It is important to note that onion sites to do not use Transport Layer Security (TLS)/Secure Sockets Layer (SSL) encryption in the Hypertext Transfer Protocol (HTTP). The encryption process is different on Tor traffic versus the Hypertext Transfer Protocol Secure (HTTPS) TLS/SSL of standard web traffic. This one of the reasons why the Tor Project is constantly updating both the Tor network and Tor Browser, to ensure the encryption of network traffic as well as safety of the Tor Browser usership. Onion sites will also have their own circuit of relay nodes before connecting with the end user’s Exit Node.
If you are confused or feel there has been too much “computer jargon” for your comfort, that is understandable. In layperson’s terms: Think of the Tor dark net as a small network within the World Wide Web. If we take a closer look at the IP addresses associated with my captured Tor circuit, we can see that Tor relays are commonly observed on the World Wide Web. From the Tor Project’s own words: “Tor is an international software project to anonymize Internet traffic by encrypting packets and sending them through a series of hops before they reach their destination.”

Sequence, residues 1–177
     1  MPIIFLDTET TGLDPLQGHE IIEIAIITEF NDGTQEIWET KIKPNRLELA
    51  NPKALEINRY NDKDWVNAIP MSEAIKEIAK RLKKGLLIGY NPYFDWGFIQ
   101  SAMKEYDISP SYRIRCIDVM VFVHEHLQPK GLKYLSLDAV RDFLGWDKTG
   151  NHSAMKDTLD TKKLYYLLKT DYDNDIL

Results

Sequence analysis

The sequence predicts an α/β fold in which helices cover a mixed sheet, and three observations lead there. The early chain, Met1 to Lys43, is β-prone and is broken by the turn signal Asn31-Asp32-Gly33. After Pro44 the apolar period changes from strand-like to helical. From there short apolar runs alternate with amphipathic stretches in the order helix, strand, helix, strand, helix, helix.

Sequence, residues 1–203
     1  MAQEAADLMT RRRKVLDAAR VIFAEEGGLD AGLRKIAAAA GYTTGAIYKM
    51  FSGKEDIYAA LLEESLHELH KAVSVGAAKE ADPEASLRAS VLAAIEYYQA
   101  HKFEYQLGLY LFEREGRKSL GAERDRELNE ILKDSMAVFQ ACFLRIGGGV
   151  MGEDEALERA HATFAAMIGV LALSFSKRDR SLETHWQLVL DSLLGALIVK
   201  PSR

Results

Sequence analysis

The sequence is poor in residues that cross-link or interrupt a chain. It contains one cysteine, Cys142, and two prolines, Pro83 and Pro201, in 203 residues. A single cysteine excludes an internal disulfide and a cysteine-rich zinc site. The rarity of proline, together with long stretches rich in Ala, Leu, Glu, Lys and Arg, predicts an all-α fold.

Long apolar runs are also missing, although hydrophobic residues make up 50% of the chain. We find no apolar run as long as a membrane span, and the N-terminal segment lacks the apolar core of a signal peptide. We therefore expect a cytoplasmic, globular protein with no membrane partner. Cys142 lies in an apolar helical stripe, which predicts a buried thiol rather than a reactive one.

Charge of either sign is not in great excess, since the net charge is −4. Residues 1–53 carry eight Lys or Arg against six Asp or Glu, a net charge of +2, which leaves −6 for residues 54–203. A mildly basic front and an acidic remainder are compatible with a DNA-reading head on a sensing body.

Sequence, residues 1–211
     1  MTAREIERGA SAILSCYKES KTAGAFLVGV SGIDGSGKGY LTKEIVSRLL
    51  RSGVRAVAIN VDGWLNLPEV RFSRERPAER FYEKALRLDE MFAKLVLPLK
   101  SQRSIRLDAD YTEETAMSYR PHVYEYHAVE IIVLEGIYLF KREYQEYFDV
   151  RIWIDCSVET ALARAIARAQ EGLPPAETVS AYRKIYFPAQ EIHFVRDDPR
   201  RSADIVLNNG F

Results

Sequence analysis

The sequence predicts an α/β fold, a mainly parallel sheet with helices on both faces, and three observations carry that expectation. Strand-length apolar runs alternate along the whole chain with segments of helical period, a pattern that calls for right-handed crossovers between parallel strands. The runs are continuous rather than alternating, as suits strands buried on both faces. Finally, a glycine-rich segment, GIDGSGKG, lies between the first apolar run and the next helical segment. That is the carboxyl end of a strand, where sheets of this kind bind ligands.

The Tor network could not exist without the internet you might be using right now to read this article (whether on your phone or computer!). This is often a concept that is lost on those who think of the dark web as a separate internet from the one they commonly use.
On average, there are close to 2.5 million users of the Tor network each day, whether that’s through Tor Browser or another in-proxy. The Tor Project maintains Tor Metrics (https://metrics.torproject.org), where you can view not only end users of Tor, but also the volume of unique V3 onion domains (an estimated 800,000 as of February 2023) active on the Tor network. Tor Metrics also is home to the ExoneraTor service (metrics.torproject.org/exonerator.html), which can let you know if a specific IP address was in fact being used as a relay node on a specific date if it has not already been recognized as one!
Something to be cognizant of: Usage of the dark web as a whole has increased 300% since 2017 (tinyurl.com/59wk6tzm). In 2020, at the height of the COVID pandemic, usage of the different dark nets also spiked (tinyurl.com/2p9hdebj). The dark web has become ingrained in our internet-centric culture. Despite the prevalent image of the dark web being associated with all things negative and criminal, at its altruistic core it is about internet freedom. The Tor Project is constantly updating both the network and browser to mitigate internet censorship. Because of this, Facebook and the New York Times have their own .onion domains geared toward Tor users.